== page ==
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Author Topic: Serphelorian Nomenclature  (Read 15809 times)
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Grunok the Exile
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« on: 03 December 2007, 04:22:52 »

Well, this is now pretty much ready to go! 

I have done the last names by myself, and taken out the commonality and origin information from the whole names (both first and last).  This should make the whole thing simpler.  If people are interested in how common a name is, or where or when it comes from, they can still work it out from the name parts.




Overview (also the excerpt to be used in the Tribe entry)
Serphelorian first names are quite different from those of their neighbouring tribes, and as such are quite easy to spot.  Feminine names are typically long, and somewhat sharp sounding, beginning with letters such as K, Q, X and Ch.  Names for men are much shorter and much rounder sounding, starting with letters like B, G, M and A.

Traditional last names of this tribe indicated who the head of the person’s family was by incorporating part of their name.  This could refer to their mother, their grandmother, or in the case of some older families (and in current times, most families), a famous ancestor.  For centuries now, many Serphelorians have had Avennorian blood, so it is also common for Serphelorian families from Manthria to have a last name which comes from that tribe, or is a mixture of the two naming systems. 

The Serphelorians have their own versions of the Tharian Mister, Missus, Miss and Master, and a respectful ‘Sir’ equivalent, as well as titles which are given to esteemed members of the community.  These are all commonly used in areas where Serphelorians predominate.  While these are not the only titles used there, you can even hear women being addressed as 'Va-kai' in New Santhala.

For the Tribe entry:  More information on Serphelorian first and last names, and titles and their usages, can be found here (link to full entry).

First Names

Female Names
First names for Serphelorian women usually have four or three syllables; only rarely will they have fewer than this.  Some examples of common, less common and rare beginnings and endings are provided below.  Some conventional middle syllables are also provided, before a list of some whole first names.

Feminine Beginnings

Common
Chy-, Chyli-, Chyla-,
Ga-, Gaia-, Gae-,
Ji-, Jie-, Jaia-, Jaiar-,
Ka-, Kai-, Kaiaph-, Kaiacer-, Kala-, Ke-, Kai-, Kland-, Kla-, Kle-,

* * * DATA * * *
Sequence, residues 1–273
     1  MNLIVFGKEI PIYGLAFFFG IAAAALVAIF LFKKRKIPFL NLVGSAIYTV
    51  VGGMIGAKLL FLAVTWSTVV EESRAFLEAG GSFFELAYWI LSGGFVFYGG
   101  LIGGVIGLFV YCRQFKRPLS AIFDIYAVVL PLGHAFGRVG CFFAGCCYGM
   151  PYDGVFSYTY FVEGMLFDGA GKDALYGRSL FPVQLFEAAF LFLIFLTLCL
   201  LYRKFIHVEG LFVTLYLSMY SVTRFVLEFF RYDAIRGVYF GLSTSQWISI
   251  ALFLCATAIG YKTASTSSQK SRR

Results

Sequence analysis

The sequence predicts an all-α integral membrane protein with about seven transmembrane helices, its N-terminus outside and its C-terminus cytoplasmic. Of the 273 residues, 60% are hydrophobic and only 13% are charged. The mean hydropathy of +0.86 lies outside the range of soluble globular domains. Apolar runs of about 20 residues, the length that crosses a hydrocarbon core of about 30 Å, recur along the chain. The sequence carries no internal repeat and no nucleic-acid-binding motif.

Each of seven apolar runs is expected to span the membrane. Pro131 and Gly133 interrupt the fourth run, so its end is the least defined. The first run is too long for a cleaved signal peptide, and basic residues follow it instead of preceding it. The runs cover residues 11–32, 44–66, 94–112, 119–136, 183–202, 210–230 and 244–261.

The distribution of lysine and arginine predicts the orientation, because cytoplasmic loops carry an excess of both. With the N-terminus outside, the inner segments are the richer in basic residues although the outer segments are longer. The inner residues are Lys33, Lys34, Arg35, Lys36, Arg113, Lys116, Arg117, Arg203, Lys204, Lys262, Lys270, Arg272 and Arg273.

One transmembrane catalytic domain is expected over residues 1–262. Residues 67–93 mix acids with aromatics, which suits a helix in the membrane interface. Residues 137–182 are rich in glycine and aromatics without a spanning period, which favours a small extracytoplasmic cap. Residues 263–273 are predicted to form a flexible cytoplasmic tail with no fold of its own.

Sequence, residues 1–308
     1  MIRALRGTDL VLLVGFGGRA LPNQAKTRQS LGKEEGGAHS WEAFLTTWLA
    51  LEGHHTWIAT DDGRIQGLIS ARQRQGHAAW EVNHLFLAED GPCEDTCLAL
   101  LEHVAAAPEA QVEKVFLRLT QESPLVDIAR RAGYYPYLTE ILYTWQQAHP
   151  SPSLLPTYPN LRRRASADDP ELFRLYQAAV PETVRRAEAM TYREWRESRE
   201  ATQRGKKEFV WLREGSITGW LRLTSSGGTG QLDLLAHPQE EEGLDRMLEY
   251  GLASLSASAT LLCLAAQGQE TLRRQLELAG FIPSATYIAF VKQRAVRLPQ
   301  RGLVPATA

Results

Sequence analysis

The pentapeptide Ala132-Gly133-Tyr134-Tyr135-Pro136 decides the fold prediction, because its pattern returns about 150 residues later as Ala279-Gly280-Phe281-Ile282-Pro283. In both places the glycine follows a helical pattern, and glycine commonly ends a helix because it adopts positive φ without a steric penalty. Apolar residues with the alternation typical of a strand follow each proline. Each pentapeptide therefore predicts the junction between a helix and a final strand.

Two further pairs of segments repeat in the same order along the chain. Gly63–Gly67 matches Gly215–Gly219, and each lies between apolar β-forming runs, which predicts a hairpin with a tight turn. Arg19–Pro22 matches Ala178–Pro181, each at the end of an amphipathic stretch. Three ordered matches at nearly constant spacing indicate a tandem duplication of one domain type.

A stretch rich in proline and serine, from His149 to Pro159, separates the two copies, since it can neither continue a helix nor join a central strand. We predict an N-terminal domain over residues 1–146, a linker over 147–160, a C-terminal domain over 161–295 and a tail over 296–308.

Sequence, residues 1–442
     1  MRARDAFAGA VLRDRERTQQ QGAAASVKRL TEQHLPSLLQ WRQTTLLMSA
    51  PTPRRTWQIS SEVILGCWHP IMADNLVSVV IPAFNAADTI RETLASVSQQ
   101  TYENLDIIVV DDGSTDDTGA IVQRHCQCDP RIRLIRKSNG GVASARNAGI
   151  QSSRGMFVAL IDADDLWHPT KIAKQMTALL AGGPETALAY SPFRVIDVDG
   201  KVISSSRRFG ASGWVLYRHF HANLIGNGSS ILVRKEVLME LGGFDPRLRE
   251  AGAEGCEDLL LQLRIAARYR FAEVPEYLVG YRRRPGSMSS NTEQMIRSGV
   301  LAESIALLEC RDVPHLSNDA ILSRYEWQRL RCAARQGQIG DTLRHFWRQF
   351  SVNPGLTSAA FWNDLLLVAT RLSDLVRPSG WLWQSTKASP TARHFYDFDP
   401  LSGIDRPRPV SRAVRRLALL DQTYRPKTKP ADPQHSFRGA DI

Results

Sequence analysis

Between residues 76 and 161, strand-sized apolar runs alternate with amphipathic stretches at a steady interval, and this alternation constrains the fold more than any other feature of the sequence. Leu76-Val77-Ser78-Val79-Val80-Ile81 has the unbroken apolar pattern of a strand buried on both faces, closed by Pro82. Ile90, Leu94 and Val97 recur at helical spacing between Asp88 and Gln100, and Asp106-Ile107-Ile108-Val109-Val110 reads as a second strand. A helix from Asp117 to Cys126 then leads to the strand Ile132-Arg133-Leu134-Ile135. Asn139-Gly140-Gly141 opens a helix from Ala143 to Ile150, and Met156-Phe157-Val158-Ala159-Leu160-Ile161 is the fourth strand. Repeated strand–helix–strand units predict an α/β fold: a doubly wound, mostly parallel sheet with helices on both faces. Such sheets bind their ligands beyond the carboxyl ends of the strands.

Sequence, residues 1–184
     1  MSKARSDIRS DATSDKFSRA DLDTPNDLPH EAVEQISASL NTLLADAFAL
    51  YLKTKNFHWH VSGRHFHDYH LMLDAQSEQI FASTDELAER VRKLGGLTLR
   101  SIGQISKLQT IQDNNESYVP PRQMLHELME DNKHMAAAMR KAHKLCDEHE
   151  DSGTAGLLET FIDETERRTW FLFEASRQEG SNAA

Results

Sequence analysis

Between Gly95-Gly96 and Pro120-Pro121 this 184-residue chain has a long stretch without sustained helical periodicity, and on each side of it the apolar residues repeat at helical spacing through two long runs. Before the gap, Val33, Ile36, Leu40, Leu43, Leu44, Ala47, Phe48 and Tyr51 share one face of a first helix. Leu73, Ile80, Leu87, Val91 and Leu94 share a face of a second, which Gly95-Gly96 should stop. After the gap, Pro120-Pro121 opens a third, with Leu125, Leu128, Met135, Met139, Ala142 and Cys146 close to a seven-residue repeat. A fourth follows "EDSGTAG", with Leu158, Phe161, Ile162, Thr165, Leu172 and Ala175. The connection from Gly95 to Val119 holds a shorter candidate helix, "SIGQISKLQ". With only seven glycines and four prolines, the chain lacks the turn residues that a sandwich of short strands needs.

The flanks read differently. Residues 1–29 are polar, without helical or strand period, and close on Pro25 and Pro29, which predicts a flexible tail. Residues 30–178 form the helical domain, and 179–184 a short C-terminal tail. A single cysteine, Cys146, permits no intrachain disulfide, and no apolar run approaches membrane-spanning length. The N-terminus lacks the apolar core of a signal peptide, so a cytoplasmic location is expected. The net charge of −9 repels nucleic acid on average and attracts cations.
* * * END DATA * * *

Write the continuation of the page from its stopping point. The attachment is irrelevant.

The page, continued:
Ly-, Lycha-, Lyce-, Lycze-,
Qu-, Quat-, Ques-, Quia-, Quin-, Quera-,
Ru-, Rua-, Ruka-, Ruam-, Ruman-, Rukam-, Rue-,
Vez-, Veza-, Veze-, Vezi-, Vesa-,
Xy-, Xyli-, Xyla-, Xyle-, Xa-,

Less Common
El-, Els-,
Is-, Isa-, Isl-,
Kli-, Klind-, Kephi-, Kaiam-,
Lycet-,
Sal-, Salor-,
Tar-, Taron-, Tarin-,
Xaxo-, Xajo-, Xari-, Xyka-, Xypha-, Xypho-

Rare
Cj-, Cij-, Cjean-, Cja-, Cjeth-, Cijeth-
(usually found in Enthronia)


Feminine Endings


Common
-a, -ar, -ia, -lia, -aiar, -eia, -ria, -reia -vria,
-eiar,
-ian, -rian,
-ath, -vath, -veth, -kath, -zath, -reth

Less Common
-isath, -onia, -oria

Rare
-qua

Some of the more typical middle syllables in the names of Serphelorian women
-cath-,
-kaz-,
-lo-, -lor-, -loph-,
-phri-,
-rit-, -rez-,
-tan-,
-sav-,
-rith-,
-za-

Examples of Serphelorian female names:

Chyzaveth, Chylaeia, Chylaritha, Chylia, Cjaloritha, Cjeana, Cjakazath, Cijoria, Chyrequa
Elrianvria, Elsrazar, Elkath, Elaiar, Elophreza
Gaezreia, Gaekazar, Garuzath, Gaonia, Gaoria
Isaveth, Islian, Isloria, Iskaphria
Jisaveth, Jilorqua
Kareza, Kaisrian, Karezath, Karezeia, Kairevath, Klariveth
Lycetana, Lyrezeia, Lyzath, Lyzophoria
Querithia, Quinphrolia
Ruamaiar, Rucathlia, Rukloveth, Rulia, Rurithar, Ruvath
Salreia, Salera, Salorqua
Tarkliria, Taronara, Tarezar
Vezarphrian, Vezelia, Vezerita, Vezimoreia, Vezalia
Xyphoriath, Xykavath, Xykazar, Xylavath, Xyleia, Xyliria, Xylophria, Xaphireia, Xaxoreia, Xajorian, Xajovria,  Xylionia, Xakath



Male Names
First names for Serphelorian men are short, usually of one or two syllables; rarely three.  In ancient times ‘-ley’ was the only ending for male names, and it and its newer version ‘-lay’ are still very common.  The ‘-ley’ ending now carries a somewhat diminutive or endearing connotation which the ‘-lay’ spelling avoids; however, many women will append the ‘-ley’ suffix to their man’s name, regardless of whether it usually carries it or not, as an endearment (e.g. ‘Amin’ becomes ‘Amley’).

During the patriarchal years the variety of men’s names increased greatly.  Although there still are not as many different options for naming male children in the Serphelorian style as there are for female children, there are certainly more than there once were.